The recent announcement by Google to partner with Bharti Airtel for 1.28 per cent stake in the company and the corresponding investment up to $1 billion is indeed a very interesting case for competition regulation in the country.

This is a second major investment by Google in an Indian telco, after it purchased stake in RJio earlier. Much like Google, Facebook (now Meta) also has interest in the Indian telecom market with its investment in RJio. Google has indicated that the partnership will enable speedy and effective provisioning of 5G services in the country.

It is indeed good news for the telecom industry, which has been shunned by the investors — both domestic and foreign, for the past decade, due to cancellation of licenses, dispute over regulatory levies, and unviable operations.

Asymmetric regulation

The telcos and Internet firms were at loggerheads over asymmetric regulation of the two sectors. While telcos are heavily regulated all over the world, the Internet forms are not. Some of this asymmetry stems from fundamental differences in the nature of business such as jurisdictional nature of operation, technology used, and substitutability of services.

However, the telephony, messaging, content and application services offered by the two sets of firms do also complement each other. World over, Net Neutrality advocates always looked at any partnership between a telco and an Internet firm with suspicion.

In India, TRAI shot down the alliance between Facebook and one of the Indian telcos in December 2015, by issuing the regulation on prohibition of discriminatory tariff for data services. Are there such premonitions with these new alliances?

When net neutrality was conceptualised in the early 2000s, it was meant to stem the significant market power of telcos, an entity that provides an essential service.

Obviously, a dominant telco can hinder competition in a downstream market by a vertical merger with content and application providers. For instance, a telco with its own marketplace for apps (such as iMode owned by DoCoMo), can increase barriers to entry for other application marketplaces who are not part of the ecosystem.

Net neutrality regulation that prohibits discriminatory treatment of Internet companies — either with respect to pricing or traffic management — in a sense eliminates any incentive for vertical integration and alliances. Is this argument valid in today’s 5G world?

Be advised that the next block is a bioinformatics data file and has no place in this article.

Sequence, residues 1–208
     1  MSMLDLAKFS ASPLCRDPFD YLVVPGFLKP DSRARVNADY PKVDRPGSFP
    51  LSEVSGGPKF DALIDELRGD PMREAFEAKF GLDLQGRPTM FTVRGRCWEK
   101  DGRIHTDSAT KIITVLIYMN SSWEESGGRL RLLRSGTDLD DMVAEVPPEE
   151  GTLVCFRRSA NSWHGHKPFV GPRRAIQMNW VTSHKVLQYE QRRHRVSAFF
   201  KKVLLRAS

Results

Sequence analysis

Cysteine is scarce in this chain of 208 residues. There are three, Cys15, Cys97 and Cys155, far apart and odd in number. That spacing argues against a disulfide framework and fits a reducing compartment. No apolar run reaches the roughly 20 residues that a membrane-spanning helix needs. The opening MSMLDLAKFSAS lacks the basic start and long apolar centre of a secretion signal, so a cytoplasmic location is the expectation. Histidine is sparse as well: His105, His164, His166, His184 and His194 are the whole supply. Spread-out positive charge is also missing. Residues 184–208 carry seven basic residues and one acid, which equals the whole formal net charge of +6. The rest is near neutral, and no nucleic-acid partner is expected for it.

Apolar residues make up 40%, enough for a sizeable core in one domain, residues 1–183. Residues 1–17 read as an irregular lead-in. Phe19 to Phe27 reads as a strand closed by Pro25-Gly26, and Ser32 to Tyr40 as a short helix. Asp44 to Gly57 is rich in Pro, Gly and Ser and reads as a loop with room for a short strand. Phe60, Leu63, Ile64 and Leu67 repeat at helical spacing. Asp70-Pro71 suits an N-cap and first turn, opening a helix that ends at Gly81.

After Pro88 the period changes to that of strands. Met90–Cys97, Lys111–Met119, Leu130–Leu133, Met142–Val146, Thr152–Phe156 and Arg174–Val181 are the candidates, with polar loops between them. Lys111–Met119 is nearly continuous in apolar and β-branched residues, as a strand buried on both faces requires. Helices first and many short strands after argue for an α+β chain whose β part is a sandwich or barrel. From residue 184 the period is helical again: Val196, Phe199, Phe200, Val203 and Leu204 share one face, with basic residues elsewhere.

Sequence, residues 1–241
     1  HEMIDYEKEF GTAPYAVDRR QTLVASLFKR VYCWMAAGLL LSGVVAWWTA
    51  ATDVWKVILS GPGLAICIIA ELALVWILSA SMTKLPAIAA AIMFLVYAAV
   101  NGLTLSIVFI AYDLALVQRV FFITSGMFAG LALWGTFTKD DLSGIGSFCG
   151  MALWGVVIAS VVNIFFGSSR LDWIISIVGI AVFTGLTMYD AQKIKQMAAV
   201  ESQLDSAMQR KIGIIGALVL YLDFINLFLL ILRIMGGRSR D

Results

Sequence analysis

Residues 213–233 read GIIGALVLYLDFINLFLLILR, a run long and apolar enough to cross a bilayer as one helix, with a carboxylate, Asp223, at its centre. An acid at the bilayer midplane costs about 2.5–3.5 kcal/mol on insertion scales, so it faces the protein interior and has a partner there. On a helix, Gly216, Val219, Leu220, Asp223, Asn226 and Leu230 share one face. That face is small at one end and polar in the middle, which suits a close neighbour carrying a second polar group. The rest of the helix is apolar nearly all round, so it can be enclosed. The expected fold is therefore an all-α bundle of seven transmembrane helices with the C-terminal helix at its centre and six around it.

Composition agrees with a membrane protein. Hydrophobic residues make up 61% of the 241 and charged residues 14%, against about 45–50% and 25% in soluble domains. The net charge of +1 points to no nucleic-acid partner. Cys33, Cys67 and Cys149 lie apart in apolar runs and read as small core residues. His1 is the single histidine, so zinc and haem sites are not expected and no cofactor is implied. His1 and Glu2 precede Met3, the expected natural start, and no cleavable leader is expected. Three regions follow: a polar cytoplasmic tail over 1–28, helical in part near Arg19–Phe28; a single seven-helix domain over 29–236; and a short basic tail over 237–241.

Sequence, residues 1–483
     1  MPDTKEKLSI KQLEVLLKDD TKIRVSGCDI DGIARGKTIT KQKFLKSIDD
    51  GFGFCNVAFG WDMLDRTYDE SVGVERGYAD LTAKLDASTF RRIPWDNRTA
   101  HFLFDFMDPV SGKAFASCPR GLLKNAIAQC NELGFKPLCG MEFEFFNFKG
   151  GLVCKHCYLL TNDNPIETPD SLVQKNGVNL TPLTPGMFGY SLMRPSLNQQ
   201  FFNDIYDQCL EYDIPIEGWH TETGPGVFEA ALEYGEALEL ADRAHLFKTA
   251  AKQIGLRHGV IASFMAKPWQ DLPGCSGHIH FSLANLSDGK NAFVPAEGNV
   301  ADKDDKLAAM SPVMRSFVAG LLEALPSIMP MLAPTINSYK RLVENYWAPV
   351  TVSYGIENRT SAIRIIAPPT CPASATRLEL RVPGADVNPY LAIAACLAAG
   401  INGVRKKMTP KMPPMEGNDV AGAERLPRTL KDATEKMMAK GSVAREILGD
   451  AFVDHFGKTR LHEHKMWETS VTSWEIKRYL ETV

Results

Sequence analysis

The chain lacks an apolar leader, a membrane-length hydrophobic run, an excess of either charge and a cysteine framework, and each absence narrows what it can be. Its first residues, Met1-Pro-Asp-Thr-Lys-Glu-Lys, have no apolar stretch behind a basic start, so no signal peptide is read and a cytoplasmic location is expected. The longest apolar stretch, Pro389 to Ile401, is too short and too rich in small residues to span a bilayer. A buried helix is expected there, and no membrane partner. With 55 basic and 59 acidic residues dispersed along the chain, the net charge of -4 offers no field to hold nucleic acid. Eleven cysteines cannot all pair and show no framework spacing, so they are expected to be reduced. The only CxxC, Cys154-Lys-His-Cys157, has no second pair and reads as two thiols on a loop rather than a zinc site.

Apart from the popular views about 5G providing high speed data transfers, 5G is more about bringing a paradigm shift in ways in which things and humans are interconnected. In a recent report, McKinsey Global Institute (MGI) has estimated an increase in global GDP by about $2 trillion through the use of 5G connectivity paradigm in key sectors such as healthcare, retail, mobility and manufacturing alone.

Deployment of 5G involves the coordinated effort of not only the telcos, but also of the content and application providers. 5G is also about connectivity solutions for specific domains in areas such as healthcare, transport, agriculture, government and utilities.

Hence this arrangement between telcos and Internet firms is a welcome step indeed to usher in next generation services, especially in Business-to-Business and Business-to-Government services. The synergies between connectivity providers such as Airtel and RJio coupled with the strength of the Internet firms such as Google and Facebook in cloud provisioning, content and applications will have strong complementarities for 5G deployment to be successful.

Walled gardens

However, such alliances often tend to create “Walled Gardens” (term coined by John Malone, the founder of Tele-Communications Inc., a company later acquired by AT&T) comprising of a bouquet of services provided by network operators, handset manufacturers, platform vendors, and content providers. A notable example is the one created by Apple with exclusive wholesale agreements with AT&T Wireless in early 2000s for its iPhones.

By subsidising the iPhone with long tenure contractual agreements, and creating a proprietary app store, Apple created a walled garden. Way back in 1999, NTT Docomo, the leading mobile operator in Japan as platform captain, created its own ecosystem of application and content providers for its iMode service. These alliances in general pave way for vertical integration of products and services and expand the scope of offerings, at the same time benefit consumers by reducing transaction costs.

More often than not, these vertically integrated walled gardens have a “platform captain” (i.e. Apple, NTT DoCoMo, RJio, Google) who provides coordinating mechanisms, rules, key products, intellectual property and financial capital. Platform captains generally derive business benefit from their key position in the vale chain.

While there are clear guidelines and thresholds on horizontal alliances such as market share, revenue share, spectrum holding for assessing Significant Market Power, setting such benchmarks for vertical alliances are often tricky. The integration of different types of services also obfuscates the definition of market for the regulators to access the firm’s power in the defined market.

In the US, the Department of Justice tried in vain to block AT&T’s (telco) acquisition of Time Warner (media and cable) for $45 billion in 2018.

In general, the garden can be walled; however, with gates open for easy entry and exit of both the customers and the platform members. The regulator needs methods to detect these openings and see whether these are wide enough! The basic rule shall be that firms in vertical alliances shall not make huge profits at the expense of depriving consumers of alternative options.

The writer is Professor at International Institute of Information Technology Bangalore